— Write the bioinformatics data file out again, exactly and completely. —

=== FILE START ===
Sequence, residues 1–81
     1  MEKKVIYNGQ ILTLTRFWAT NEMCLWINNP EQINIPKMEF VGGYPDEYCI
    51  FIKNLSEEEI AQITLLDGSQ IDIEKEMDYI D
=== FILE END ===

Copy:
Sequence, residues 1–81
     1  MEKKVIYNGQ ILTLTRFWAT NEMCLWINNP EQINIPKMEF VGGYPDEYCI
    51  FIKNLSEEEI AQITLLDGSQ IDIEKEMDYI D